Tag Archives: stress

Women Celebrating Smoke Free Lives

Smoke Free Women is an organization serving as a resource for women who are looking to quit smoking, as well as acting as a support system for women who have already quit.

Approximately one in five American women is a smoker. Almost 80% of them have a desire to quit.

Created by the Tobacco Control Research Branch of the National Cancer Institute, Smoke Free Women offers women and their friends and family help on achieving this goal.

Smoke Free Women: Help Quitting

Stubbed out CigaretteThe Smoke Free Women website offers many different quit-smoking resources, including:

  • an online cessation guide designed by health professionals and ex-smokers;
  • information database on various smoking related issues and quitting topics, such as the benefits of quitting, depression, pregnancy and smoking, second hand smoke, stress and weight concerns, and withdrawal symptoms;
  • various quizzes to help gauge mental status and interpersonal relationships;
  • information for numerous quit lines featuring health councilors and web resources; and
  • a publications library of information on quitting, pregnancy and smoking, smoking later in life, and more.

Celebrating Smoke Free Voices

To celebrate the one year anniversary of the creation of the Smoke Free Women website, the organization established a video contest. This inspiring contest was to provide a platform for people to creatively express themselves in self-made videos that were entered in one of two categories.

The first category was open for videos focusing on the topic “Why I am a smoke free women.” Entrants were encouraged to enter videos that explained why they stay smoke free, their reasons for quitting, and what it means to be a smoke free woman.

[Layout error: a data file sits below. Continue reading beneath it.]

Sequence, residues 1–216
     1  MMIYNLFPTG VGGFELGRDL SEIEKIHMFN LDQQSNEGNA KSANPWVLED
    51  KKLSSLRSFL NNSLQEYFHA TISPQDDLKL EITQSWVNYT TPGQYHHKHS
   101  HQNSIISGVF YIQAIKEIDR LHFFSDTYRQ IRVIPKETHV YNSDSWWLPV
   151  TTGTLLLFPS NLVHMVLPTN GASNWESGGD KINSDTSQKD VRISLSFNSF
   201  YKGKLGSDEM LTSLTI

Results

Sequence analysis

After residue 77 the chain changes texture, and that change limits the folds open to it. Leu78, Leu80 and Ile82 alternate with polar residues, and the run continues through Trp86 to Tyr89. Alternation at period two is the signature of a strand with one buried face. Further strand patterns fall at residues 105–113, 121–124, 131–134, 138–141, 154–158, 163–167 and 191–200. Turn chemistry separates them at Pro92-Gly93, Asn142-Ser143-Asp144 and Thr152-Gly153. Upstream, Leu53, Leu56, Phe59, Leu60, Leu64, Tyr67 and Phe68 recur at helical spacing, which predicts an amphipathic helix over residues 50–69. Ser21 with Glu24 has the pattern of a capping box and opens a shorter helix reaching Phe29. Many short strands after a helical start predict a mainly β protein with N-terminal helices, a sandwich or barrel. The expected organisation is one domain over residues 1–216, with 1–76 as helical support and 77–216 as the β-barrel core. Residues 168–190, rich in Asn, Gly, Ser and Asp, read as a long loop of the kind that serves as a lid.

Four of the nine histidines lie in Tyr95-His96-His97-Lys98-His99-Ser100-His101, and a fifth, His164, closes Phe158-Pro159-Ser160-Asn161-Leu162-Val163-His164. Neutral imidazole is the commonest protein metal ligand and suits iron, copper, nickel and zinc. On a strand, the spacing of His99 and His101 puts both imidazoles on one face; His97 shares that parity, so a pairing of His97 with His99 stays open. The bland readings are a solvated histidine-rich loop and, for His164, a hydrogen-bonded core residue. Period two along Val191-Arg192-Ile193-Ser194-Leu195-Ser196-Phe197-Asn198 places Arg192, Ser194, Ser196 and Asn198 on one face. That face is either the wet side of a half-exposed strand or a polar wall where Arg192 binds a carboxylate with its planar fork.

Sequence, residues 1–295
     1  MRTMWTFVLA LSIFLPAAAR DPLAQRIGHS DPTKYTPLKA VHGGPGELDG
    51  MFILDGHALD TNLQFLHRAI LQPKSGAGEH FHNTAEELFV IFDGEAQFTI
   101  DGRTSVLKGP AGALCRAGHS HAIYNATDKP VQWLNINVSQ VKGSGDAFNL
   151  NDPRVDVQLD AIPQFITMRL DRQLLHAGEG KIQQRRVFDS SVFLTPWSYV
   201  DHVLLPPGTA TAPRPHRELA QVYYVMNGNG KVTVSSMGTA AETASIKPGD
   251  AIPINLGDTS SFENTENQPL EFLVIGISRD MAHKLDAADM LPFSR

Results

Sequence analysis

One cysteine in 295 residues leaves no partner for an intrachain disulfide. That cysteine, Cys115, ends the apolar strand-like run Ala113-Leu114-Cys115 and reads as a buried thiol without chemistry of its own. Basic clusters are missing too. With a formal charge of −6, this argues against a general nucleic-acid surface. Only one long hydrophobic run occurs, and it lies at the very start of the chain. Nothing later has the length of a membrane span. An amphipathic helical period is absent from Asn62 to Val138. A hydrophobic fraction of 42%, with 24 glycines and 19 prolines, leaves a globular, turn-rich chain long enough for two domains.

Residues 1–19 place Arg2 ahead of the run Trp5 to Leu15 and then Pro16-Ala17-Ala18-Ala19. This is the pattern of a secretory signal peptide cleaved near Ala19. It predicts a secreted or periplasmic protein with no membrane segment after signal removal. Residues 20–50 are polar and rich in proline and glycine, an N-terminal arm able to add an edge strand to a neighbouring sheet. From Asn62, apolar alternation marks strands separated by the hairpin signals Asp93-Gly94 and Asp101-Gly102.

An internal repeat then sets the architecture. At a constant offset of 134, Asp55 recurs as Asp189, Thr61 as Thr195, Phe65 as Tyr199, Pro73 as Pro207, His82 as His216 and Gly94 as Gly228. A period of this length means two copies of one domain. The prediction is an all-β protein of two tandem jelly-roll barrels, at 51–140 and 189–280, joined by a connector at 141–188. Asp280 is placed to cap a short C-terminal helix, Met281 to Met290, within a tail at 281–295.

Video Winner: Why I am a Smoke Free Woman

The second category was the topic “Why I want YOU to be smoke free,” giving friends or relatives of smokers an opportunity to share why they wanted a loved one to be smoke free.

Video Winner: Why I Want You to be Smoke Free

Smoke Free Women has helped women from across the country with their smoking cessation needs, and the videos of success from these women are truly inspirational.

Reference:  Smoke Free Women [http://women.smokefree.gov]

We Quit Smoking for Love. We Both Succeeded.

I want a cigarette so bad.

Yesterday, we fought with tech support of our Internet service provider…for hours. They kept putting us on hold, handing us to different departments, saying one thing, then contradicting themselves. Seems the corporate behemoth would see fit to train their support personnel.

Now, today, the stress is catching up with me. I haven’t yearned for a cigarette like this in years. Years!

My wife and I quit smoking 8 or 9 years ago. We kept track of the date for some time. After a while, it didn’t matter. What mattered was we actually did quit. For good.

We Quit for Good

Not one cigarette since. Not when we were stressed. Not with morning coffee. Not when inadvertently inhaling the allure and promise of second hand smoke. Not when a friend across the table lit up; not even when the friend gestured to help ourselves to the pack.